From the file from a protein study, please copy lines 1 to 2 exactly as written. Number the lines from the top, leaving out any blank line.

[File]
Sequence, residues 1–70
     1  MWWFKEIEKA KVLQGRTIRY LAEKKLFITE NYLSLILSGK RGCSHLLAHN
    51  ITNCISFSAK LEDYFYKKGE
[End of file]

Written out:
Sequence, residues 1–70
     1  MWWFKEIEKA KVLQGRTIRY LAEKKLFITE NYLSLILSGK RGCSHLLAHN